So why should Dil have written his life story, and why should we read it? There are no great confessions for him to make, no sinful acts to show for which a man should feel remorse and or harbour a sense of guilt, no acts of exemplary, Bhagat Singh like, courage or bravery or defiance, for which a man should feel proud, no great and original intellectual formulations or ideas of national or international, military or civilian, political or economic or social interest or importance for which a man could be admired and remembered for.
And from the purely literary point of view too Dastaan has not much to offer. The prose style is not great, the narrative is lose and meandering, and not very distinguished unless I am a very poor judge of Punjabi prose style. The form is anecdotal, events are narrated in short spurts and often remain incomplete, lacking in any sustained and conclusive treatment. There are no dates to pin point important land marks in Dil’s life.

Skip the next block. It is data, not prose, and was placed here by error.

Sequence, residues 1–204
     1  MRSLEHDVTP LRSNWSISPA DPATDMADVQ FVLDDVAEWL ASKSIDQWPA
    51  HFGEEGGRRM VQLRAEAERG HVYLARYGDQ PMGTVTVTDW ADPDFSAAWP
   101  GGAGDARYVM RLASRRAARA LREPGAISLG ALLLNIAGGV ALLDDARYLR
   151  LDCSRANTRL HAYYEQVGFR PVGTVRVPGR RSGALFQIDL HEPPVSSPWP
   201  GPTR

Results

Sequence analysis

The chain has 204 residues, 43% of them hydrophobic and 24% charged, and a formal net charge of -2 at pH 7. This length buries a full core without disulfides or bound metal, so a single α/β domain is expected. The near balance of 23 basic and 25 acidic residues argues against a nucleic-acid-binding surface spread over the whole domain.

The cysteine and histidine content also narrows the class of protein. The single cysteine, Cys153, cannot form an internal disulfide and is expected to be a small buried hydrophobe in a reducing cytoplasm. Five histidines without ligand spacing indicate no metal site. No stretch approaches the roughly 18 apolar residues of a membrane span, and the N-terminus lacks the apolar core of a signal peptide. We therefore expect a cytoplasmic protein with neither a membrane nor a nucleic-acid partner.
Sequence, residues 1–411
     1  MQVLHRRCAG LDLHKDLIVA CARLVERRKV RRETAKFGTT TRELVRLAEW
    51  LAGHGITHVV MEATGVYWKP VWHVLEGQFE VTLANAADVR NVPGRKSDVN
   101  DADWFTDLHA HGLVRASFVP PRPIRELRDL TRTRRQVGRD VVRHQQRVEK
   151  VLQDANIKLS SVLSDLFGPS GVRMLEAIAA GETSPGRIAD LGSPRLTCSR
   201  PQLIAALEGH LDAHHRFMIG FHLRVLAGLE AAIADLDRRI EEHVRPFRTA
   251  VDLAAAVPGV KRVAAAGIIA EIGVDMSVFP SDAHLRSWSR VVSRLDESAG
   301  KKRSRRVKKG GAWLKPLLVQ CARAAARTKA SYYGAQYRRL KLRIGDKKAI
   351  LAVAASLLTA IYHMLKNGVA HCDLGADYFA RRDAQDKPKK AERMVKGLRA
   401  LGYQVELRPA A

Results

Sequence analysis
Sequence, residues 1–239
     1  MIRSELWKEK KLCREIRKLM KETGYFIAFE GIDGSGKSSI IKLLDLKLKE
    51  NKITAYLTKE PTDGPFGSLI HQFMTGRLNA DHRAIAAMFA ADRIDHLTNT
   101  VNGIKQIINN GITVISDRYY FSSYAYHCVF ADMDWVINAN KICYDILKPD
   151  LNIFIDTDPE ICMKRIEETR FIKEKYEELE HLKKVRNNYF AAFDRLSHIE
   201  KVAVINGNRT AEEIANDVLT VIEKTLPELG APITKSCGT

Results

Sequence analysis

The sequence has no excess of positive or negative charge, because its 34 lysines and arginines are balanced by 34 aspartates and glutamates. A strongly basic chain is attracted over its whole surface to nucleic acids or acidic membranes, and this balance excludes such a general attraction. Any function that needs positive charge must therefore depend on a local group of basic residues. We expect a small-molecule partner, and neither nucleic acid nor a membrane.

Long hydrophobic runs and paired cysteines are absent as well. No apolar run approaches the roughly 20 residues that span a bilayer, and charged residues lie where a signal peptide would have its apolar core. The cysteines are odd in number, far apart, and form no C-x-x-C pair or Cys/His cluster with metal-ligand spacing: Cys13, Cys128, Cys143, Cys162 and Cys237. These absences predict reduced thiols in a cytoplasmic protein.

Yet he wrote his life story, though only after being urged upon by his friends, particularly Amarjit Chandan. I can find only one justification for Dil to have written it and for us to read it.
As I can see, Dil’s ‘Dastaan’ deserves to be read even by non-Punjabi readers not for what is present in it but what is absent. To put it differently, it is an autobiography of absences. The very things for which someone writes an autobiography are absent in Dil’s Dastaan, and it is these absences that make his autobiography a remarkable reading and worth reflecting upon. Lal Singh Dil through out his life harboured one dream, one illusion, that a Maoist revolution will solve all his problems.
But who was Lal Singh Dil and what were his problems?